« on: November 25, 2012, 06:11:22 PM »
If you crop just the tower from both images, and view them at the same size on the screen, they will look identical. That means the blur is identical.Thx for the link - there is deep explanation we all agree with (I suppose).
Examples from http://toothwalker.org/optics/dof.html.
The car to the right of the subject has more blur with the 100mm lens than with the 28mm lens, right?
Wrong. Same blur. That's the case even in your extreme example.
I'm not saying it looks the same, the tower and car do look more blurred with the longer focal lengths. Like I said, it's good illusion.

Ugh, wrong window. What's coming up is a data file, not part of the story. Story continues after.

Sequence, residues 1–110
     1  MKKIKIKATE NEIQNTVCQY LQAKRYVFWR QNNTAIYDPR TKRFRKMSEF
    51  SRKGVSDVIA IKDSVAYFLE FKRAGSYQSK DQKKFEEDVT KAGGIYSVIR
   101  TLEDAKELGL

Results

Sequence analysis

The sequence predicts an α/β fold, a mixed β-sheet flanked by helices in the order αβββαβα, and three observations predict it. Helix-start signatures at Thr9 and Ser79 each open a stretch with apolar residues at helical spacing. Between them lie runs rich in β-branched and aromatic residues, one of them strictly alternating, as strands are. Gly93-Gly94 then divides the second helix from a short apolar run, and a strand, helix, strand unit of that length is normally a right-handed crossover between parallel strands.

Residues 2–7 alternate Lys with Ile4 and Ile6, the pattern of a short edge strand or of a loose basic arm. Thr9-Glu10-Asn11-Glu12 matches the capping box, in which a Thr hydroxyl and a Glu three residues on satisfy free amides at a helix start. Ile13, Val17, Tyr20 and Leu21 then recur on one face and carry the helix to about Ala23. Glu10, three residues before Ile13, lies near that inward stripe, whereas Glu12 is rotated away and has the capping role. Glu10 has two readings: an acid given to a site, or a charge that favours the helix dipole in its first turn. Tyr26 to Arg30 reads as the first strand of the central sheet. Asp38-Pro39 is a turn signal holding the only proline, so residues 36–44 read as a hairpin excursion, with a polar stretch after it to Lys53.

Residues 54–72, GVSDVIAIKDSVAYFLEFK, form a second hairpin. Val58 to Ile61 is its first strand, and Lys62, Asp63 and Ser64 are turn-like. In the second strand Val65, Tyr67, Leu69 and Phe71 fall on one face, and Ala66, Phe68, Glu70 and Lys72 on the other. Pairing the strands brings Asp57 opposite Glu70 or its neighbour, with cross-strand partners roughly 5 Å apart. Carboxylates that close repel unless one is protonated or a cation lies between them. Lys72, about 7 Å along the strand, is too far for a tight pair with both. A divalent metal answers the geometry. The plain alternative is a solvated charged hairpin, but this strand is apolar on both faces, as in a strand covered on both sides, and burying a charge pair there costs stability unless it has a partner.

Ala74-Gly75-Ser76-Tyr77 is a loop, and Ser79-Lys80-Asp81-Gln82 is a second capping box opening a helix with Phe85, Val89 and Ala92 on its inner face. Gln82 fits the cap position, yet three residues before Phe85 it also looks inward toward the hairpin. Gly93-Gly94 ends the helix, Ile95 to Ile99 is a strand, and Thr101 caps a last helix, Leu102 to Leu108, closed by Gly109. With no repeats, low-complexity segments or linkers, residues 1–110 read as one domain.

And our different view on the last posts is nicely summed up by paragraph:
This is true when we speak of the absolute blur. The absolute blur is given by the blur disk diameter of a point in the background, such as the highlight reflections off the cars in the street. However, when we speak of the relative blur we must relate the blur disk size to the "image magnification" of the background. And that magnification is larger with the 100-mm lens too. As a matter of fact, the relative blur of the backgrounds is identical.